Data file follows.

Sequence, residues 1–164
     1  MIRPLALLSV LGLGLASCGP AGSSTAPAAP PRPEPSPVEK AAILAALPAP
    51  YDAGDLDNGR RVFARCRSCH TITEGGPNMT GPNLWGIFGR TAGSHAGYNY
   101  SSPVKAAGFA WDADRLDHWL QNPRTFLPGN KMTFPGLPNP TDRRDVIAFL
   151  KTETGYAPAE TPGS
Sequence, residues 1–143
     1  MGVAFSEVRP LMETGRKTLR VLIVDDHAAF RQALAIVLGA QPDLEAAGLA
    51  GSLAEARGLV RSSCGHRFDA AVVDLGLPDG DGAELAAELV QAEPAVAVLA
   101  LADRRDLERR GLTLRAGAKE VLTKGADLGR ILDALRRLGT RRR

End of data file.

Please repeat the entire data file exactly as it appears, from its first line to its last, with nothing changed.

Sequence, residues 1–164
     1  MIRPLALLSV LGLGLASCGP AGSSTAPAAP PRPEPSPVEK AAILAALPAP
    51  YDAGDLDNGR RVFARCRSCH TITEGGPNMT GPNLWGIFGR TAGSHAGYNY
   101  SSPVKAAGFA WDADRLDHWL QNPRTFLPGN KMTFPGLPNP TDRRDVIAFL
   151  KTETGYAPAE TPGS
Sequence, residues 1–143
     1  MGVAFSEVRP LMETGRKTLR VLIVDDHAAF RQALAIVLGA QPDLEAAGLA
    51  GSLAEARGLV RSSCGHRFDA AVVDLGLPDG DGAELAAELV QAEPAVAVLA
   101  LADRRDLERR GLTLRAGAKE VLTKGADLGR ILDALRRLGT RRR